How has the increased use in technology shaped the role of a psychiatrist and mental health clinicians over the past 20 years?
From mental health apps, machine learning in automated therapy, to even the humble mobile phone allowing access to helplines and other emergency levels of support; technology over the past 20 years has enhanced and interwoven itself into the fabric of the mental health industry.
While undoubtably it has proved beneficial with some respects, there are drawbacks to be found as well. In this article we will be looking both sides of this coin, and how technology has shaped the role of a psychiatrist over the past 20 years.
The Relationship between Psychiatrists, mental health clinicians and Technology
The introduction of new technology will carry with it enhancements that can be taken advantage of by psychiatrists to further enhance their deliver of mental health care. Here are some examples:
AI and smartphone assisted therapy:
Artificial Intelligence is an has always been, on the cutting edge of technology, with many progresses being made in the recent years. Some examples of this include, AI chatbots that are designed to help patients practice CBT techniques to help them if their symptoms feel unmanageable between appointments. Other AI powered apps, such as Ellipsis, can analyse a patient’s voice and speech for warnings signs of emotional distress. Technology likes this won’t replace a human in the role, rather they serve as a tool to enhance and assist the deliverance of mental health care to patients; and give a line to the provider, letting them know when further steps may need to be made.
Prescription video games:
In June of 2020, the FDA approved a video game designed for kids aged 8 to 21 with ADHD. EndeavorRX, as it is known, challenges young patients to focus on multiple tasks at the same time in the game environment. It’s a great way of utilising kids habits in a way to help them make improvements in their mental health.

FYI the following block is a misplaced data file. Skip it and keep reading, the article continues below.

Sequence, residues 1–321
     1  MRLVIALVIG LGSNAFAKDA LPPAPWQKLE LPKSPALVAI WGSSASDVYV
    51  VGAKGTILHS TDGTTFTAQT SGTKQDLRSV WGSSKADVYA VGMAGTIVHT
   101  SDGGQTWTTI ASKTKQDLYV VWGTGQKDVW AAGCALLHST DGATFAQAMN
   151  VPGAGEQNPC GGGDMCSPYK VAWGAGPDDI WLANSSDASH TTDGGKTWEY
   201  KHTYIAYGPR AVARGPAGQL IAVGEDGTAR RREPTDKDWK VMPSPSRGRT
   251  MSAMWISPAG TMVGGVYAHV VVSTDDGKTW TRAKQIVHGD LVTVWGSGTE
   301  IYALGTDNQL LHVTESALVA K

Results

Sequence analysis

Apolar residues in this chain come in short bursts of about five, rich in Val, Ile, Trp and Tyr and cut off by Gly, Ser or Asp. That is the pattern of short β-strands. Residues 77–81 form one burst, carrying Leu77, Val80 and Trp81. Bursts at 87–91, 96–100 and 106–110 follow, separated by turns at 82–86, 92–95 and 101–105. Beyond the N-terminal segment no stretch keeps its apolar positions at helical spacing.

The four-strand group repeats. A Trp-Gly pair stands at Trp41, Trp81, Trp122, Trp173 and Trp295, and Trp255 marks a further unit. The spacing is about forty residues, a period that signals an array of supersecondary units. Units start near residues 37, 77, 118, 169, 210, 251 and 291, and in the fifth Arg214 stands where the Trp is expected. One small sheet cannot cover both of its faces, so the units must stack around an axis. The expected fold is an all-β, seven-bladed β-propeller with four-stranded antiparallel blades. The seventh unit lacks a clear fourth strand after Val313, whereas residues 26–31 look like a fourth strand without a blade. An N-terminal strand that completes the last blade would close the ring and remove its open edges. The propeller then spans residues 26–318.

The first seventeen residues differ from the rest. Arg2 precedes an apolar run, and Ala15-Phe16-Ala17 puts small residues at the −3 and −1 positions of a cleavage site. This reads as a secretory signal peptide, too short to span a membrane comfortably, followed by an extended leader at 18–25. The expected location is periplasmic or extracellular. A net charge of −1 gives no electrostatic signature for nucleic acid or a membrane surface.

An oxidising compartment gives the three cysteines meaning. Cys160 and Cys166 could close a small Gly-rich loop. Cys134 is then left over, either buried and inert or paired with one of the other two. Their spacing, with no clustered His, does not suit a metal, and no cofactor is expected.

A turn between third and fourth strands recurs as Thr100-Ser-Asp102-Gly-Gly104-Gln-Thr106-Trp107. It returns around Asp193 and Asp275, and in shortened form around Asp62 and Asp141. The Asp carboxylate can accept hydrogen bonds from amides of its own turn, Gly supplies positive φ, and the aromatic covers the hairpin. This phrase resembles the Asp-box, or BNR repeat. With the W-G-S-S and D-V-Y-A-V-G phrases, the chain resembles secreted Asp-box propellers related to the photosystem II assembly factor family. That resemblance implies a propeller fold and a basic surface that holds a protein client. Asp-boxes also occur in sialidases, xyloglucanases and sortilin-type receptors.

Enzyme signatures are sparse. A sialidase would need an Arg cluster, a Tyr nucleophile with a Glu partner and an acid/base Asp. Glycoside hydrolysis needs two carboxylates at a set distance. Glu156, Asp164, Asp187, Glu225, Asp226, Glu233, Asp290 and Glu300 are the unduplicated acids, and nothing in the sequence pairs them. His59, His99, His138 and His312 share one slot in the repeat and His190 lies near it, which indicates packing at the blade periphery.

It’s easy to take for granted the convenience a smartphone offers; and even easier to believe that it is only a recent thing, the idea of a telecommunications device helping in the role of a psychiatrist. However, we can go all the way back to the 2nd of November 1953 for what is arguably the first example of this situation. Widely considered the Samaritans official birthday, this day was when Chad Varah, a vicar and writer-cartoonist, answered the first ever call to a brand new helpline for people contemplating suicide.
What we can take from this, is that despite some problematic issues technology can raise, in terms of screen time, and social media potentially providing unrealistic goals and provoke body dysmorphia; like with any other tool it can also be utilised for good. As the technology that goes into digital health continues to expand, so does our potential to harness these technological capabilities to expand the field of psychiatry.
What this means for Psychiatrists and what sort of new roles and ventures are available
Like many other medical fields, the landscape of Psychiatry is constantly evolving. Until 2019, transgenderism was still labelled a disorder by WHO for example. The developments, positive and negative, of technology in the mental health sphere has opened new avenues and challenges for psychiatrists globally. There are already many examples of individuals who have attempted to tackle these issues.
Chitraj Singh founded MindHug, and utilises emotional artificial intelligence and apps to provide a robust system to provide mental wellbeing for users.
Plumm, formally known as Healingclouds, are a London-based company that cater internationally. They serve as a platform to connect therapists to clients for 1:1 online therapy sessions. Even pre-pandemic, it goes without saying the fewer barriers to entry such as a commute, or the anxiety some may face traveling to the therapist – the better the quality and quantity of psychiatry can be delivered to those who need it the most.
With the effects of Covid, the convenience provided by Plumm is crucial. Technology and digital health are going to become an intrinsic part of psychiatry moving forward.
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